The camera eye is more selective in its view than is the human eye because it is able to frame its image and widen and foreshorten space.
Why would movies be largely incomprehensible if we didn't automatically identify with the camera lens?
Because the startling movements of the camera through space would appear to have no connection to the way we actually see.
In film theory, what does the concept "mediation" mean?
The process by which an agent, structure, or other formal element transfers something from one place to another.
How is cinema's ability to manipulate space effectively demonstrated in the cabin-on-the-edge-of-a-cliff sequence in The Gold Rush?
Suspense is created because individual shots have been edited together to create the illusion that they form part of a complete space.
How does the baptism scene from The Godfather give the sense that different actions in locations are occurring simultaneously?
By the continuity of particular actions, dialogue, and music.
The climactic gunfight in The Killer demonstrates how cinema:
extends time within scenes.
Which of the following is an example of cinematic manipulation of space?
The clever editing of sequence to make it appear as if all shots were taken in the same room when really they were not
Which of the following is an example of cinematic manipulation of time?
The extension of various shots so that a scene's screen duration becomes longer than the purported time of its events.
Which of the following is NOT a way in which movies can manipulate time?
2. Magnifying a minute detail within a landscape.
3. Presenting events from multiple perspectives and memories.
Why do director John Woo and editor Kung Ming Fan alternate between elegant slow motion and bursts of fast motion in capturing violent gun battles in The Killer?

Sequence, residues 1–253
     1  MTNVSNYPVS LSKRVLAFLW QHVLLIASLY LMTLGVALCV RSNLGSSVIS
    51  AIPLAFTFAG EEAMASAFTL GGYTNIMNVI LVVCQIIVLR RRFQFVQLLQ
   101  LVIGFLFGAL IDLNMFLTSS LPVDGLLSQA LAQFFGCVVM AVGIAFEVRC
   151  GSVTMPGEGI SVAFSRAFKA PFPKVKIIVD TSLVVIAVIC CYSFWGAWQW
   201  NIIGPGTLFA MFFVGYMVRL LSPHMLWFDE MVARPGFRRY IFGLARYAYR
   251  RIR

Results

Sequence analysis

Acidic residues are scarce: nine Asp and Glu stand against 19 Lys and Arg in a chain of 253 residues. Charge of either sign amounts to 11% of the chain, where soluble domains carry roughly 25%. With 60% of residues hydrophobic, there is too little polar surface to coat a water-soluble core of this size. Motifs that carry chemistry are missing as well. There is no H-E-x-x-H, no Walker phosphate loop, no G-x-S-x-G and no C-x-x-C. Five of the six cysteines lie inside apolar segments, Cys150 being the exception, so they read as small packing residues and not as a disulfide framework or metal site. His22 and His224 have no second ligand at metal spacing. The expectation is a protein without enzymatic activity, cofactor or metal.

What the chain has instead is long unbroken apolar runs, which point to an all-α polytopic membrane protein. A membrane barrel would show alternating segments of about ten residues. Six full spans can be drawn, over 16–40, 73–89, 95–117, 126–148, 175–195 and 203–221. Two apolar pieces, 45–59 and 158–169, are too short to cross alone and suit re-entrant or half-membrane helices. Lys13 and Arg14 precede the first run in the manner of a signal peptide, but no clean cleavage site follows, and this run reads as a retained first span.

To give their fight scenes a dizzying kinetic energy.
What is a freeze-frame?
A still image shown onscreen for a period of time.
Which of the following helped inspire the first motion pictures?
The realist impulse of the visual arts.
Antirealism is defined as an interest in or concern for:
the abstract, speculative, or fantastic.
The French filmmaker(s) who established the realistic direction of cinema was (were) _____, while the French filmmaker(s) who established the antirealistic direction of cinema was (were) _____.
the Lumière brothers; George Méliès
What are expectations associated with realistic characters?
That they do things that conform to what we understand of real people.
Why can it be said that realism in movies is a kind of illusion?
Because no matter how similar to our experience of the world it might appear, realism always entails mediation.
Which of the following would be considered an example of a representational work of art?
A realist portrait of a recognizable person that emphasizes unity, symmetry, and order.
What is the definition of "verisimilitude"?
A convincing appearance of truth.
Though a film might manufacture a convincing physical world, it might be undermined in its verisimilitude by:
unrealistic character portrayals.
Which of the following is NOT an example of cinematic verisimilitude?
A bizarre, alienating film containing absurd and inconceivable events that prevent its audience from becoming absorbed in any sort of fictional world.
Audiences' expectations in regard to "reality":
change across time and cultures.
Films that succeed in seeming verisimilar across cultures and times often:
achieve success with critics and at the box office, prompting people to call these films timeless.
How does Jurassic Park employ cinematic verisimilitude?
By convincing its audience as strongly as possible that the dinosaur amusement park of its title could exist.
Why would Gladiator be considered a movie possessing convincing verisimilitude?
Because it conforms to what we generally understand about the customs and lifestyles of ancient Rome.
What is meant by "cinematic language"?
The accepted systems, methods, or conventions by which the movies communicate with the viewer.
Which of the following demonstrates how cinematic language becomes individuated and complex?
A movie juxtaposes shots in particular contexts, creating scenes and sequences.
Which of the following words best describes the conventions that compose cinematic language?
Why do cinematic conventions represent a certain agreement between the filmmaker and the audience?
Because they represent a common, shared cinematic language that can be both used for familiar purposes and reimagined for newer ones.
Which of the following demonstrates the way a filmmaker can employ both convention and innovation?
By shooting a scene in a traditional style for unusual narrative purposes.
Why can the movie camera be likened to a painter's brush or a writer's pen?
Because it imparts meaning via specific techniques